All things considered it was an enjoyable hitch, now for three days of freedom before we tackle the Ice Lake Trail, dun dun dun!
-Sam & Laura
Indian Crossing Trail
The team ventured out to Indian Crossing for a 9 day hitch intending to log out the entire first six miles up to the junction with the North Fork Imnaha Trail. 103 trees later, the trail was passable!
The Indian Crossing trail is located within the East-Central portion of the Eagle Cap Wilderness, skirting the border of Hell’s Canyon National Recreation Area and paralleling the main branch of the Imnaha River.
A hefty portion of the trail is in early successional stages, following a large fire that swept the area in 1989. In other words: lots of brushy ceonothus undergrowth and wind fallen snags!
However, the crew prevailed through lightning storms and ticks, clearing and brushing the entire six miles within the timeframe; even throwing in a portion of tread and drainage.
In total, the crew removed 103 obstructing trees, reworked one drainage, built a 5 foot retaining wall and reconstructed the tread to go with it, and brushed approximately 5.5 miles of trail.
Getting good and familiar with the crosscut saw, the hitch was an extreme success!
West and East Fork Wallowa River Trails.
The West and East Fork trails act as major access routes to the alpine Lakes Basin within the Eagle Cap Wilderness. Located at the end of highway 82 in Wallowa Lake, these two trails receive heavy use by stock and hikers alike. As popular day hikes, these two trails provide magnificent views of the surrounding peaks and valleys as they parallel the two forks of the Wallowa River, emptying finally into the stunning glacier-formed Wallowa Lake.
Beginning with an impromptu schedule change, the crew spent a day on the lower West Fork trail, jack hammering obtrusive rock from the trail to improve tread. From there, the crew moved up trail, packing in 3 miles to the junction of the Ice Lake Trail.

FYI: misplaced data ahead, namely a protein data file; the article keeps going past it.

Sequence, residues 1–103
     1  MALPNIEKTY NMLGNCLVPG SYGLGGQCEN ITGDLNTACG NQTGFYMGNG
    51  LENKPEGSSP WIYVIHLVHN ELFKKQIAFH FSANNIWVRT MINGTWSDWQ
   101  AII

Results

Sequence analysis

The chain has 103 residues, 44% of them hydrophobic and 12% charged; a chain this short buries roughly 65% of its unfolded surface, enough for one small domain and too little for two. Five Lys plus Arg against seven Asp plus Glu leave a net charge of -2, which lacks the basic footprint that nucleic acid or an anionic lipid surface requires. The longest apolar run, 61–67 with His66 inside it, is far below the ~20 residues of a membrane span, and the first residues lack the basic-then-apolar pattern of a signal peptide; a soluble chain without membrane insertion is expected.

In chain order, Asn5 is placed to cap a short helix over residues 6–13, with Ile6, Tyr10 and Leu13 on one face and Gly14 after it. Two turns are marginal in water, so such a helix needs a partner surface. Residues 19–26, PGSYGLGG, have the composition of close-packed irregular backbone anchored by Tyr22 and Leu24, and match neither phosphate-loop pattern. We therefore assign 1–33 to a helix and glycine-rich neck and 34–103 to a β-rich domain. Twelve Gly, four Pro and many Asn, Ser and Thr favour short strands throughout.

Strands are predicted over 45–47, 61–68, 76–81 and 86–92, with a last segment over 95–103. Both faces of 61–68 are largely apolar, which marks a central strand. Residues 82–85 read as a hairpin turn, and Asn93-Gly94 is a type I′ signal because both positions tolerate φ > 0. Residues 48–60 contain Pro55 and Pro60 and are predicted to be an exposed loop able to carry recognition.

The team worked the upper stretches mainly, to log out and widen the trail corridor. As the team moved up trail, they improved drainages as well, working all the way to Six Mile Meadow.
After the West Fork was cleared, the team packed out and moved one mile up the East Fork Wallowa trail, with the intent of logging out and widening the trail corridor. However, after only 2.5 miles, the snow became too deep to continue. Logging out what was possible, the team then continued to brush out the lower portions of trail.
In total, the crew cleared 31 obstructing trees from the two trails, reworked about 35 drainages, and brushed approximately 4 miles of trail. The East Fork trail will be returned to during hitch three, when the snow has hopefully cleared.
-until next time, Heidi
May 22-June 3
Member orientation in Carnation Washington.
Amidst near constant rain and even a minor earthquake, members spent this period learning the ins and outs of the Student Conservation Association and gaining the necessary trail skills to begin the season strong.
13 crews came together at this location, developing a strong sense of environmental community before departing to their respective project sites, ranging the West Coast from Santa Fe National Forest, New Mexico to Olympic National Forest, Washington.
The Wallowa Whitman crew, after a brief stay over in the majestic Columbia River Gorge near Rufus, Oregon, arrived in Wallowa Lake on June 4 to gather sorts and make preparations before heading out for the first service project.
Jordan Albright's love of the great outdoors did not start at an early age. Her parents love to tell the story of how she complained that she was hungry and wanted Wendy's during the entire family trip to the Grand Canyon in 2000. In sixth grade, when asked what she thought of Giant Sequoias, she said, "You've seen one tree, you've seen 'em all." However, since high school, Jordan has had a change of heart, and now seeks out opportunities to be outside and learn about environmental issues whenever possible. She's a leader in Georgetown University's Outdoor Education program, and is studying to be an environmental biology major. Jordan is excited to be spending her summer with the SCA and looks forward to getting dirty and learning more about conservation in Wallowa Whitman National Forest.
Hi. I am Samuel Wright. Currently I am a 19 year old attending the small, private, and hippie school of Colorado College. One of the main reasons I chose to go there was my love of nature and just getting out there. I have been involved with SCA since the summer before my Junior year in high school and to be honest I have no idea what I would do with my summers if it wasn’t trail work! I have worked three incredible summers with three awesome crews, starting in Virginia then to Alaska and finally my past summer spent in the backcountry of Yosemite.
When I am not doing trail work, or out in the Rocky Mountains, I live here at home in Charlotte, North Carolina. I really am a bit of a Southern boy at heart and though I do not have much of an accent, or hold stereotypically Southern beliefs or practices, the South has had a huge influence on how I lead my life.